Nanticoke Indian Museum offers insight to tribal history, culture
The annual Nanticoke Indian Powwow is planned for Sept. 7 and 8 this year, with much-anticipated drum groups, dance sessions, vendors, traditional foods and a worship service at 10 on Sunday morning.
Every year, the powwow, held on a wooded parcel at 26800 John J. Williams Highway, draws thousands interested in the tribe, its history and customs.
Hundreds more visit the Nanticoke Indian Museum.
“Here, there are artifacts from our tribe and from other tribes. This is the only Indian museum in Delaware,” explained a cordial Sterling Street, museum coordinator, who handles operations with Jane Robbins, technical coordinator.
The museum is also on John J. Williams Highway, at the intersection of Oak Orchard Road.
“We have artifacts that were found on family farms in this area; items made by our elders and ancestors from things like pine needles and branches, sinew; items like baskets, traps, artwork, books,” he explained.
In one of the building’s two rooms are animals preserved by taxidermy, including Annie, the 130-pound wolf owned by a woman in Selbyville who raised it as a pet since it was 5 weeks old, after obtaining a permit. It lived and slept with her like a beloved family dog. When the wolf died of cancer at age 12, it was preserved and placed on display at the museum.
Annie is now about 26 years old.
Children love to see and touch her, as well as the heads of deer and a buffalo, and hides of a muskrat, beaver, mink, otter and coyote.
Also on display are arrowheads used for hunting, headdresses, tiny baskets made from peach pits, larger baskets, recipe books, a pitcher fashioned from a dried gourd, tools for grinding corn and sharpening implements, and dolls in traditional clothing. One doll’s face was fashioned from a dried apple.
Interestingly, all of the doll’s eyes are pointed to the right, because of a belief that looking in that direction brings good luck and healing.
There’s a belt assembled from wampum beads, made from the North Atlantic channeled whelk shell and the white-and-purple quahog, or hard-shelled clam. The belt’s pattern recorded historical events.
“People come here to the museum from all over the world — people on tours, home-schooled children, students from private schools, senior centers. They are interested in our history,” Street said.
Objects belonging to Chief John Big Tree, who lived near Syracuse, N.Y., and was a member of the Seneca Nation, are on display. An actor, Big Tree was one of three Native American chiefs whose features were combined to make the likeness on the Indian Head nickel.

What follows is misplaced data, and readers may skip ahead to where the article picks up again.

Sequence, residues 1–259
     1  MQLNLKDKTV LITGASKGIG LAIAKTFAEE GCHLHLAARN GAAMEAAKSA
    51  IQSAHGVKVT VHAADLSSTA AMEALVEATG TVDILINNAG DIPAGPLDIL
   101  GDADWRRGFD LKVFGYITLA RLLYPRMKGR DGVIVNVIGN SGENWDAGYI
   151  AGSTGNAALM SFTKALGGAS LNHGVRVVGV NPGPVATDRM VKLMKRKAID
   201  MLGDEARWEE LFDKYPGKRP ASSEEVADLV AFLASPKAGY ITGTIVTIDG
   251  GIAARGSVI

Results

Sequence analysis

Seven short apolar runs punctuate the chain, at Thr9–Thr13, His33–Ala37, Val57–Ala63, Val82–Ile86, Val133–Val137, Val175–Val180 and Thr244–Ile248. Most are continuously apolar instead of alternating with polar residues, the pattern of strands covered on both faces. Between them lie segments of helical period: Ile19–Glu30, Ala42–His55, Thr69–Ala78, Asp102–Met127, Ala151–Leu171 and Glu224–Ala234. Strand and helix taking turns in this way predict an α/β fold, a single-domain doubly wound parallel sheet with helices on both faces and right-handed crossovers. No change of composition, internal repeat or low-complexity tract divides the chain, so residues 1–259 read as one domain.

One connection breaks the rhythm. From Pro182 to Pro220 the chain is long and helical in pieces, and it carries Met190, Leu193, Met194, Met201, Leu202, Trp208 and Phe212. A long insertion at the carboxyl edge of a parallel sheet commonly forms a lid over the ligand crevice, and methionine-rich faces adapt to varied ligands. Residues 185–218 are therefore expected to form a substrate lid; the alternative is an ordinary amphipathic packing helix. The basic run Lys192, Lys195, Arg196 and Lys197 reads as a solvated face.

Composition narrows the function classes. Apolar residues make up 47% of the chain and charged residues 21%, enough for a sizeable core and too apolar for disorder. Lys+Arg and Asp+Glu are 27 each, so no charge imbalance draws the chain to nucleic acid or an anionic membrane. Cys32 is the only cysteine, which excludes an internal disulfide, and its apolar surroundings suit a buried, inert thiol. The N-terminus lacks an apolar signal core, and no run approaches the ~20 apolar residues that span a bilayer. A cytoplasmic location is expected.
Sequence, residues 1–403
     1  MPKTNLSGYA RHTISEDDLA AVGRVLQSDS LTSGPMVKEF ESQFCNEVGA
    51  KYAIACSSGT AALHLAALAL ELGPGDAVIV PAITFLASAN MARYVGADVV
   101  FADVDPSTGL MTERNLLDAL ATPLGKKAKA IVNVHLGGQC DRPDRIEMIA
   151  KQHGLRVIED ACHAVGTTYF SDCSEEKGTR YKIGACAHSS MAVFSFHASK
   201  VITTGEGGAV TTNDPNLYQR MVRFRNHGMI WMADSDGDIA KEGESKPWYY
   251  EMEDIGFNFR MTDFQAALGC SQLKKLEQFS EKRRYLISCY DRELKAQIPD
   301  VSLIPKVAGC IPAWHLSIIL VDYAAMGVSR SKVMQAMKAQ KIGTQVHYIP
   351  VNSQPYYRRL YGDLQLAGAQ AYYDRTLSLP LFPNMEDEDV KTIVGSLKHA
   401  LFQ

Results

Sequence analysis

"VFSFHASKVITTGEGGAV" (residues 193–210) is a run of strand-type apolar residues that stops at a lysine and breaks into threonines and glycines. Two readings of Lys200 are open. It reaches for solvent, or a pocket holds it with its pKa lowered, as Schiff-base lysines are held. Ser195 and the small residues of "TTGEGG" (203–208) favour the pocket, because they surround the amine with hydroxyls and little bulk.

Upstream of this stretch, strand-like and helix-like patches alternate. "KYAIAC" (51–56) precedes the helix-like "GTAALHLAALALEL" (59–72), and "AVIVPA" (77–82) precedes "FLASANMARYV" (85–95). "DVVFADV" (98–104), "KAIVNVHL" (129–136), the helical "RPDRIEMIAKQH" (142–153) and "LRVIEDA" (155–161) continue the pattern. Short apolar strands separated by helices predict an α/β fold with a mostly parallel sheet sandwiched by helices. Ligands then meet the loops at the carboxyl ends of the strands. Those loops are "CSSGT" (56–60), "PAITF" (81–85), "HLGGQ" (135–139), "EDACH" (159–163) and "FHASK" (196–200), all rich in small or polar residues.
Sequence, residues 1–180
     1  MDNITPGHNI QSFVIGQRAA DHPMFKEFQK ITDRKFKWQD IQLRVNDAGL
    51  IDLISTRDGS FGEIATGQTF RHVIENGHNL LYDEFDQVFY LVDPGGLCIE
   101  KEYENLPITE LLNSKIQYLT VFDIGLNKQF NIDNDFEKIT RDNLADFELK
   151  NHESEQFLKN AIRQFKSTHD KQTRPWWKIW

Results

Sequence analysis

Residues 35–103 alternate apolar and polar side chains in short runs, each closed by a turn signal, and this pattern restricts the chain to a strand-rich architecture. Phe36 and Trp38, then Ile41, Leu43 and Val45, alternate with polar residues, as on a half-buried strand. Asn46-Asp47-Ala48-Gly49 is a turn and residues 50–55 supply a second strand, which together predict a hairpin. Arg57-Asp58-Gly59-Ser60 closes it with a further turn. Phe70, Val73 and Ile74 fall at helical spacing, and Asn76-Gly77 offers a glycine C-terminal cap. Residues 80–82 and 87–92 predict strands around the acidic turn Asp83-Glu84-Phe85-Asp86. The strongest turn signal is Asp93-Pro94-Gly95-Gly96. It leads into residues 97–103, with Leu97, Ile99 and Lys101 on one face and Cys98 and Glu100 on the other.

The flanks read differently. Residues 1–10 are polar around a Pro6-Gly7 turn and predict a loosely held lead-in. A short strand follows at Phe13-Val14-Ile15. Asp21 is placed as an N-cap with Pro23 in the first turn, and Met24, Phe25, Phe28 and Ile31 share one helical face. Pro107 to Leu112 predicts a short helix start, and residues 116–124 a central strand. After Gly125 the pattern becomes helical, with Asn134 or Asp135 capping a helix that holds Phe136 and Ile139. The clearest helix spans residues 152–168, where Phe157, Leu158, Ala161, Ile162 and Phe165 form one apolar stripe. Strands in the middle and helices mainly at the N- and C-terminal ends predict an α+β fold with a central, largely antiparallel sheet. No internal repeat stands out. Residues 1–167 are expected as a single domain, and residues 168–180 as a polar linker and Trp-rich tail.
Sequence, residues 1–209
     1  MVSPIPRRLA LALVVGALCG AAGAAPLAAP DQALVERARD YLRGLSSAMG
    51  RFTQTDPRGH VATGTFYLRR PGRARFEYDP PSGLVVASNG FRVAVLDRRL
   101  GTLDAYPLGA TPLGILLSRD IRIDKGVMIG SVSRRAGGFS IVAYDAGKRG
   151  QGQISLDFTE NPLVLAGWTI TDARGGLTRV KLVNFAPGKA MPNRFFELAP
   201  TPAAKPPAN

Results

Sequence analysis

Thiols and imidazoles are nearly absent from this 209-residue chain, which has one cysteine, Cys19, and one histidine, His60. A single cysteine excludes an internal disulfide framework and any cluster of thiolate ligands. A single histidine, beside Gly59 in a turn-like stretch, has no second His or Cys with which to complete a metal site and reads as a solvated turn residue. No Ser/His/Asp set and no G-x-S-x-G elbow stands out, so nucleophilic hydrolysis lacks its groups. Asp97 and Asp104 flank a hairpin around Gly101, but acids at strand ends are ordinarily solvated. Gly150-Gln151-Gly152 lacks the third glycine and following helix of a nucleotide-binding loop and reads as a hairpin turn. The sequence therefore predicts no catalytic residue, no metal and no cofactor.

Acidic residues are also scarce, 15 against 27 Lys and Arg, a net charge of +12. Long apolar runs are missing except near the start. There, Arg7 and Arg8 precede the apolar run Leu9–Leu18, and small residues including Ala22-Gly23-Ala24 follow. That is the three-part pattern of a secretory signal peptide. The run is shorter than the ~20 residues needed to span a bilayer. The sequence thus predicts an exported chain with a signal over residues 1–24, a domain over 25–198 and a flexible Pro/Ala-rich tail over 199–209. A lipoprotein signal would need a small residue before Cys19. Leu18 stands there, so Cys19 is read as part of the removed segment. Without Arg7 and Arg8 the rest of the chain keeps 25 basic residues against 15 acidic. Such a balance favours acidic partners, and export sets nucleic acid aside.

The nickel was designed by sculptor James Earle Frazer.
Big Tree became friends with a Rehoboth Beach resident, who was given some of his possessions, then donated them to the museum, Sterling explained.
“Here at the museum, we are preserving our history and our culture. This is our storehouse for our history. It’s important for us, so our kids and grandkids and their kids will know and let people know, we are still here,” Sterling said.
The museum building was originally the Harmon School for Nanticoke Indians — two rooms with one teacher instructing first through eighth grades.
It was closed in 1962, along with the structure that now houses the Nanticoke Indian Center, and students were integrated into public schools.
The museum opened in 1984 and is owned by the Nanticoke Tribe members.
Many who arrive there are knowledgeable, although some say they thought Indians still lived in teepees, Sterling said.
“There is a lot of misinformation because of things like TV and John Wayne movies,” Sterling said. It was Indians who were scalped, and bounties placed on those scalps by white settlers, not the other way around, he said, citing news articles in old newspapers.
In fact, the slur “redskin” is derived from the blood Indians shed, he said.
Settlers who came to America took land from Indians, but Sterling isn’t bitter.
“No. But it makes me angry people were that ignorant,” he said.
Robbins, though, said she can’t be true to her Christian faith and hold a grudge, that she is pleased those who found Indian artifacts delivered them to the museum, returning them to their rightful owners.
In Delaware, there are 550 Nanticoke Indians, with 1,500 nationwide. The Nanticoke were one of two tribes in Delaware, with the other being the Lenni-Lenape.
“What’s most important is that we are still here,” Sterling said.
“The most important contribution Indians made is preserving the environment. Our original religion was spiritual. We believe in the Great Spirit. We believe everything in nature is equal to each other and everything has a sprit. We said a prayer when the sun rose. We said a prayer when we cut down a tree,” he said.
“I am the seventh or eighth generation of what we know. Tourists can stop and they will see displays and artifacts of our people and people from other tribes — our library, an old corn crib, a dugout canoe made from a tree, with the inside burned out,” he said.
“I’m proud to be an Indian so I can obtain the heritage from my forefathers to honor them,” Robbins said.
“Nobody speaks the Nanticoke language fluently anymore; but we know words and phrases, and we pass them down to our children,” Sterling added.
“I’m proud I know that I descended from the Indian people of this land. We have a history. We have our culture, and the Nanticoke Tribe won’t die out.”
By Susan Canfora